• @Joel The word "formal" appears to be used in mathematics with two, almost opposite, meanings. One is the one you explained. The other one is that "formal X" is a symbolic manipulation that superficially has the form of an honest X, but is not actually valid (because prerequisites are not met, or we work with a different kind of objects than we should, etc.). Having said that, the OP is nowhere close to what most mathematicians would consider a "formal definition" even in the second sense. – Emil Jeřábek Apr 24 '16 at 9:07
• The question is also formulated in a ridiculously general way that does not seem to have anything to do with what the OP really wants. That includes all the $\beth_i$ nonsense. There are just way too many ways of "summing $\beth_2$ objects". For example, consider integrals wrt an arbitrary measure on an arbitrary set of that cardinality (the Haar measure on the compact group $(\mathbb Z/2\mathbb Z)^{2^\omega}$ is the first that springs to my mind). – Emil Jeřábek Apr 24 '16 at 9:17
• @EmilJeřábek, I think that one finds the phrase "formal expression" rather than "formal definition" for your second meaning, but I think we are in agreement about the post. – Joel David Hamkins Apr 24 '16 at 12:19
• @Emil and Joel. Emil, your second definition of "formal" is exactly what I have in mind and I agree with Joel that I should better talk about "formal expression" instead of "formal definition". Could also talk about "symbolic expression". I will fix this. – Fabrice Pautot Apr 25 '16 at 8:23
• @Emil and Todd. Emil, you are referring to my question Sums, series, integrals. What's next? where I give the "concrete" example of the hypothetical sums/means over "Beth2 terms" (I know that's a serious abuse of terminology) I have in mind: "functional mean images" that are symbolically defined in mathoverflow.net/questions/232043/…. I can't see the link with the Haar measures you mention, but if they are supposed to be related, I'd like to know. – Fabrice Pautot Apr 25 '16 at 8:25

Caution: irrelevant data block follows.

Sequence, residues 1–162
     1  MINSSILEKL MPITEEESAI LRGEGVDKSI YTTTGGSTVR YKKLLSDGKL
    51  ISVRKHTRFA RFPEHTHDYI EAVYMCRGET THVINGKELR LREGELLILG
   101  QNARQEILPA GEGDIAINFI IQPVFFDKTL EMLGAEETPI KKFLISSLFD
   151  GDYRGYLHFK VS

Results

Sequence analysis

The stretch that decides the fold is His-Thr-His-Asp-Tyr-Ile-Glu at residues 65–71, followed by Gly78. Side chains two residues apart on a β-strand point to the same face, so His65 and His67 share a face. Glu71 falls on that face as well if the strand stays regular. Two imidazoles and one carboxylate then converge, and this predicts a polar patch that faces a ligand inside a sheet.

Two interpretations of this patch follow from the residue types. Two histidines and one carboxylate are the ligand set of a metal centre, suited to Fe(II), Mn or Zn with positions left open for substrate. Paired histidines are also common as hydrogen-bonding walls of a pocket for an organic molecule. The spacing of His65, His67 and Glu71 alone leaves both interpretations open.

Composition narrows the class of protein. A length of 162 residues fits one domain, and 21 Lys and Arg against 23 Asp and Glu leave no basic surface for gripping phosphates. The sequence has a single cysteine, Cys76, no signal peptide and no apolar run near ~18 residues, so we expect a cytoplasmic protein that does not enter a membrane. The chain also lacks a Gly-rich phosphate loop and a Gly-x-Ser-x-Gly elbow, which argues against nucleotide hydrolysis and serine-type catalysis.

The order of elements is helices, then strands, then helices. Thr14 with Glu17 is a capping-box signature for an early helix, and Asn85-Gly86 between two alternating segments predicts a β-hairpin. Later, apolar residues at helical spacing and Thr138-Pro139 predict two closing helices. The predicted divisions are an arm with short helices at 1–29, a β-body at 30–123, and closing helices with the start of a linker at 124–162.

• @Emil and Todd, I'm not even 100% sure that it is logically required to well-define those "functional mean images" I have in mind in order to well-define and compute the probability distribution(s) of a deterministic signal, which are what I'm really interested in. But without any input about those important probability distributions, I just told to myself that I should better ask first about the hardcore mathematical objects on which they seem to rely. – Fabrice Pautot Apr 25 '16 at 8:34

It is not clear that "formally defined" as you use it helps anyone here. What do you want to do with the construct? What notion are you trying to capture? If measure spaces, functional analysis, and calculus of variations do not hold some of the truth you seek, what are you seeking?

My take on your question is that you want something that is different from measure on a function space, yet you still want to use the word "sum" . Is that really appropriate? If you are considering probability calculations, aren't you already in possession of a probability measure over which to operate? What meaning (setting aside temporarily issues of existence) could you assign to a mean value of a collection of functions evaluated at x_0? Shouldn't it be 0, as you will have -f(x_0) in your collection for each occurrence of f(x_0)?

There should be cases existing in measure theory or functional analysis where one looks at a measure on a function space. Do a search for those terms, study the results, and then come ask your question and tell us why your study did not answer them. At this point I just see a presentation I don't understand of an entity with probabilistic connotations that has some associated symbols that you say constitute a formal definition, but does not give me something to work with. And you ask me if it exists? I respond with "So what if it does or doesn't? I can't use it or relate it to things I understand, so at present I can't help resolve that question."

A more acceptable version of the question would be: " I have the following context where I am supposed to integrate over a function space rather than over a finite product of the reals. Where can I find examples of how that is used? " . You might get it closed with a comment of "look at Banach spaces and their operators", but at least that would be progress.

Gerhard "Not Uncountably Many Steps Backward" Paseman, 2016.04.23.

• To supplement this answer: Regarding measures on function spaces, I'd recommend taking a look at Da Prato's Introduction to Infinite-Dimensional Analysis and Bogachev's Gaussian Measures. (Be warned: This topic is not for the faint of heart.) – Christian Clason Apr 24 '16 at 8:57
• @Christian. Thank you very much for the references. I'm already aware that R^R and other sets of cardinal at least Beth2 I'm considering here are "nasty" and "problematic" from the measure-theoretic point of view. – Fabrice Pautot Apr 25 '16 at 8:03